Happy Mother’s Day!
Recently, on a Saturday, I had such a good mom moment.
I had been at work with design clients all day. I pulled onto our street shortly before 6 pm tired and hungry. I spied my son sitting on our neighbors curb by himself and thought “What in the world?”
His raised his hands to his lips as I rolled my window down and just above a whisper he said “I’m so glad your home! I’ve been sitting here for 45 minutes waiting for you to come home or dad to come outside to help me. What do we do? He needs help!”
At that I looked down next to him and spied this:
Cuteness overload right?
Such fluffy softness always makes me feel like this:
My son had been walking home from a friends house when he spied this baby blue jay. The bird didn’t fly away as he approached. My son looked around for a mom or fallen nest. He found neither. Fearing for the birds safety he didn’t want to leave it. So he sat down on the curb and the wee bird hopped next to him. There they sat for 45 minutes.
I parked the car at our house and asked Mr. Decor to grab his soft leather gloves and meet me outside.
I walked back over to Sweet Guy and said, “The first thing we have to do is get him off of the street.”
I had a slight concern that the bird might be injured.
I instructed Mr. Decor to gently pick up the bird.
This was easier said than done.
The baby bird didn’t take quite as easily to Mr. Decor and tried hop away. This was a good sign that he was not injured just merely a fledgling who had either fallen, or attempted to fly, from his nest and now could not return.
Since you may not know:
It is a myth that you cannot touch a baby bird because the mother will then reject it.
The Mr. wore gloves to protect himself from the birds talons and from any potential disease that wild birds may carry.
The bird was nestled safely into the grass and Sweet Guy once again took up his watch post while I went to go research the next steps.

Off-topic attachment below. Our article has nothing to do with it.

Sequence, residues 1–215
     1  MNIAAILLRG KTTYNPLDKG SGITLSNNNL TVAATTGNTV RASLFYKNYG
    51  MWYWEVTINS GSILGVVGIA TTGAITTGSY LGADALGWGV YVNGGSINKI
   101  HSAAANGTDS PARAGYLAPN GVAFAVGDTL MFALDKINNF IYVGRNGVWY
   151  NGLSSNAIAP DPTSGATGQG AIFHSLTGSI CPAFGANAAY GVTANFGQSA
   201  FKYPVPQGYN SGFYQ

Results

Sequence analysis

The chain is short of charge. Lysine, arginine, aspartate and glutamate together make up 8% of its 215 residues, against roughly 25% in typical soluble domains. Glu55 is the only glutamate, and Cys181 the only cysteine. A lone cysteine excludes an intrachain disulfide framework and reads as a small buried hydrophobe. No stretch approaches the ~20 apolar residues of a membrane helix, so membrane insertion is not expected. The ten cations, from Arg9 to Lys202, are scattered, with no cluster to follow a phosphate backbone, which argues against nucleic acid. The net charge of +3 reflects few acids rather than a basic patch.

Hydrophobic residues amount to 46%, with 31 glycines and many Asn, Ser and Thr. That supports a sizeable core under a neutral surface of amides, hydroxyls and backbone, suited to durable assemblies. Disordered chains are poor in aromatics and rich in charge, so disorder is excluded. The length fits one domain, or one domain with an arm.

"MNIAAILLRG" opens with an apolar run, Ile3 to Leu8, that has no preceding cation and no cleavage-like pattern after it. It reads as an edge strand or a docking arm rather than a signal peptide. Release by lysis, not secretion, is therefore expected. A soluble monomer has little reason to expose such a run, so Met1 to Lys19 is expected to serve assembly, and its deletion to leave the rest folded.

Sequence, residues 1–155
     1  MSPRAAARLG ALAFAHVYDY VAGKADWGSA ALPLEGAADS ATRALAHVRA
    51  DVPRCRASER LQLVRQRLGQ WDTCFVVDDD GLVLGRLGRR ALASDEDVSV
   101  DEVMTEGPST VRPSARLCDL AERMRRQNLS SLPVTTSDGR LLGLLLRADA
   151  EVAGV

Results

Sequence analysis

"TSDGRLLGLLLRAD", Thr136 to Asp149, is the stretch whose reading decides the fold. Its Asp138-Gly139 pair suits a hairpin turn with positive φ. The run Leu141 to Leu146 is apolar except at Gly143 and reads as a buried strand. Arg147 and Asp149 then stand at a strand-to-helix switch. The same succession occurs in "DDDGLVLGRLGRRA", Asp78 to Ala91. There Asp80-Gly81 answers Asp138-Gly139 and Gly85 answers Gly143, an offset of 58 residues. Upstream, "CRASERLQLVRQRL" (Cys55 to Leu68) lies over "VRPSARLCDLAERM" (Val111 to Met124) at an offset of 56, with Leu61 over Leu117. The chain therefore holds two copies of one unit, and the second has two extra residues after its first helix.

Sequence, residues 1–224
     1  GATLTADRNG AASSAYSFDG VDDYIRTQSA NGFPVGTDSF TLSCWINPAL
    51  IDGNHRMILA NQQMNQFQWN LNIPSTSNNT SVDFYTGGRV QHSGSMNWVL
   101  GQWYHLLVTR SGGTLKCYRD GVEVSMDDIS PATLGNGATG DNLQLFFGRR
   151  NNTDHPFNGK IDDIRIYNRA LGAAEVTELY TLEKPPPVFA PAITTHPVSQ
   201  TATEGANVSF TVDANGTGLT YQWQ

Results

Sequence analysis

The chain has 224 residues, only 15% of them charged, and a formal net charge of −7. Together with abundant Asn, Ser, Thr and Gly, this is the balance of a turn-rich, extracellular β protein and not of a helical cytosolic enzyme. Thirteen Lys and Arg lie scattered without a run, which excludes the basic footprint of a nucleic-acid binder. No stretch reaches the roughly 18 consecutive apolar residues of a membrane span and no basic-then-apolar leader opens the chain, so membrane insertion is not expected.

I learned in cases such as this it is best to find a shallow type of basket, with no lid, to create a nest of sorts. (A mother bird will not approach a deep basket due to fear.) Line the bottom of the basket with a soft cloth that has a tight weave so that the bird will not catch his talons on or in it. (Do not use toweling.) I used a small piece of an old pillowcase. From there hang the basket as high as you can on the tree.
We assumed that the bird came from the trees in our neighbors yard. So I knocked on the door to ask permission to hang the basket. There was no answer. I explained to my son that in this case I felt Miss D. would want us to help the bird so we would go ahead. I left a note for her on the door. (She indeed approved of the entire operation. 🙂
I then took my limited edition, signed Longaberger basket and cut off the leather strips that attached the lid to the basket. My son gasped, “Mom that is an expensive basket and I know you love it. I can’t believe you just did that.”
Life lesson #98,436
I said, “Son, right now this baby bird needs this basket more than I do. We should never place our things above someone or something that needs help.”
With that Mr. Decor tacked the basket up high in the tree and placed the tiny bird inside.
You are generally supposed to watch the basket from a distance, for about an hour, to see if the mother returns. So the Mr. and I set up some lawn chairs in our front yard two houses away. We had such a nice conversation that time passed quickly and felt like this:
The mother did not return.
At that time I called our local bird rehabber (yes, it’s a thing). I explained what steps we had taken and asked what we should do next.
He said that blue jays are very good parents but they probably wouldn’t return until the baby bird started squawking to be fed. He said that he knew it would be hard, but since it was almost 8 o’clock at night, and blue jays are NOT nocturnal, the baby bird would soon go to sleep. The mother would, in most instances, seek it out in the early morning. We would have to leave the bird alone overnight. In the morning if the bird was still in the basket then we would need to bring the bird to him.
Sweet Guy went out at 9 and 10 pm to check on the bird.
My heart was threatening to explode with pride that my son showed such care.
In the morning we found the basket “nest” was empty. We hugged and smiled in a reunion victory made possible by love and care.
May all your birds return to the nest.
“Look at the birds of the air; they do not sow or reap or store away in barns, and yet your heavenly Father feeds them. Are you not much more valuable than they?” Matthew 6:26